I would be concerned about paying for a school that died not appear to be suiting your son's needs and look for a school that has better provision. As many have said this is not a private/state issue. I know of one ver high performing state school near me that does not offer much Sen facilities deliberately to keep standards high. The school next door is then chosen for the less academic or sen child as they have much better facilities but lower overall results. I would look at all schools before year 9 when things really seem to start becoming more pressured and be open-minded about the type of school. Some private and state schools just want the cream to keep their results high.
We have children who leave our prep school at the end of yr 8 to go onto state schools, that started in yr7, they all fit in quickly and soon make friends. No exam courses have started by that point, so other than social things it's not disruptive educationally.
Thanks so much for all your responses - first time I have had a chance to sit down and read them. I am immensely cheered to read of successful moves around age 12.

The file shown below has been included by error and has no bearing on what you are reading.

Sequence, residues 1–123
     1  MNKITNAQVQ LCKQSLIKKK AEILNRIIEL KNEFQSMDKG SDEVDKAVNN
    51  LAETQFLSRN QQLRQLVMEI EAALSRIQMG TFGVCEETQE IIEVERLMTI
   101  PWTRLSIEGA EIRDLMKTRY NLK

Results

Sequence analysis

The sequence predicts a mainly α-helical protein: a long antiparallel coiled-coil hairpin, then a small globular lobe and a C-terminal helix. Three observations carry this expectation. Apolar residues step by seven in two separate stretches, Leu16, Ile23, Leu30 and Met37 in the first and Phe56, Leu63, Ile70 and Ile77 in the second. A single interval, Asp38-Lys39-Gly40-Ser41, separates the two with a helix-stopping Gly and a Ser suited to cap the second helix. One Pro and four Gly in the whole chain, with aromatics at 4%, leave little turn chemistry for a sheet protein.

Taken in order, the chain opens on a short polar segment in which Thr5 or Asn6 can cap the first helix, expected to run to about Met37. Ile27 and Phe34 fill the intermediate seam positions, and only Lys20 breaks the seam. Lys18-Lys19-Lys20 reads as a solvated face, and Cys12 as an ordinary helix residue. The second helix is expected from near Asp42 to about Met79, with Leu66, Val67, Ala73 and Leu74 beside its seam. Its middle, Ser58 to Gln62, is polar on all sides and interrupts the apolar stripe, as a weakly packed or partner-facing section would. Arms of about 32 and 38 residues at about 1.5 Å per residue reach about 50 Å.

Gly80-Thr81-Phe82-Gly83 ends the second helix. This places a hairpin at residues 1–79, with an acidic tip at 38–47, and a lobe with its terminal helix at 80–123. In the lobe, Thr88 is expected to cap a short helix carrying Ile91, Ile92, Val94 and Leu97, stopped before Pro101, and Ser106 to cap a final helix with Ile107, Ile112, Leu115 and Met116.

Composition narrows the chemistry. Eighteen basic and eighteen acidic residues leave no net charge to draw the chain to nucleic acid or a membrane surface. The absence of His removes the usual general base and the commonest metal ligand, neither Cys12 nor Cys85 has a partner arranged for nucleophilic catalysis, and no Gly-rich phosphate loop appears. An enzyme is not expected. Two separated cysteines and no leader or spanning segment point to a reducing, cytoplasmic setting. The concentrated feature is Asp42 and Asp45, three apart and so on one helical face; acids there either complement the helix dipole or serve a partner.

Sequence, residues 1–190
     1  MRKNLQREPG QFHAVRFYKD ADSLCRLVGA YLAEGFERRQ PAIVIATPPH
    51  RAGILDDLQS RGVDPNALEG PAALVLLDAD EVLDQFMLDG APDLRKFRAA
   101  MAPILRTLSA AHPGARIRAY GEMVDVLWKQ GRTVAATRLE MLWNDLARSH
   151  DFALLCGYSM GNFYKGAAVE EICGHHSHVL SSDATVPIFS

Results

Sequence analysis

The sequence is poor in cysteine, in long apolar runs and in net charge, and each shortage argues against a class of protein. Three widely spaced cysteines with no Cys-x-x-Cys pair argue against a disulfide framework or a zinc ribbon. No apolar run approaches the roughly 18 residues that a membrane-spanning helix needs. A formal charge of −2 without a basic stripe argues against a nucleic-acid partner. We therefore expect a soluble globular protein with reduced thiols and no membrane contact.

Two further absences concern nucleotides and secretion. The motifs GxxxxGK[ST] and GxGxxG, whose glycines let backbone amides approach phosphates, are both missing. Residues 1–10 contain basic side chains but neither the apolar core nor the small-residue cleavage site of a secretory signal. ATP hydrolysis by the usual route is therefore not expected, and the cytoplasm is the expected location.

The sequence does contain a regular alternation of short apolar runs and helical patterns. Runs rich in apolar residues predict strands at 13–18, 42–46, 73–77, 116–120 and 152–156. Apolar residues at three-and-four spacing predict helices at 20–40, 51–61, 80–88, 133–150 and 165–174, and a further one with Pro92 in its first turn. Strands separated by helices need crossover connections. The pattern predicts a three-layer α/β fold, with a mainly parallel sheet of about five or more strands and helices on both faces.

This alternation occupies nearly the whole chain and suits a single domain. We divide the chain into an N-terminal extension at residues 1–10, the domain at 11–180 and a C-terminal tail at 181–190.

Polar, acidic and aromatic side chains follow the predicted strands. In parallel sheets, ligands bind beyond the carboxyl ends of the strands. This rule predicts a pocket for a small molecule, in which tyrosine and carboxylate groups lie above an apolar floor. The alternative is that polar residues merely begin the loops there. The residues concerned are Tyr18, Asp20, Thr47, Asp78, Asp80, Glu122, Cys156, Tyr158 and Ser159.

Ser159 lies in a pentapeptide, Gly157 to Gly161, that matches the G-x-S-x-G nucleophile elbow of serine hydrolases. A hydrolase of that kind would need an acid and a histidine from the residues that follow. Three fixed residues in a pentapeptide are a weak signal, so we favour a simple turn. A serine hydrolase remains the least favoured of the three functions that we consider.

lljkk, ds is dyslexic with various non-specific SEN issues surrounding organisation, concentration and processing. He is currently being assessed for dyspraxia/dysgraphia.
A move to another private school is a possibility. We did our sums carefully a few years ago and wouldnt have chosen the independent option if we thought we couldnt see it though. Our issue is that we are paying an awful lot for seemingly little return. Some friends have suggested state school might have better SEN provision and if this was the case, I would be delighted to lose the pressure of school fees. However, if we can find an independent that can cater more for ds, we would certainly find the money. The thing is, the school ds currently attends seems very ill-prepared for SEN and ds is at the bottom of everything which is doing his confidence no good at all . Regardless of whether ds moves to a state or another independent school, my main concern is that moving him at 12/13 will be horribly disruptive for him.
I moved at the end of year 8 and it was the best thing I ever did. Although in total I have been to 2 nurseries, 4 primary schools, 2 secondary schools, 2 colleges and 1 Uni
Message withdrawn at poster's request.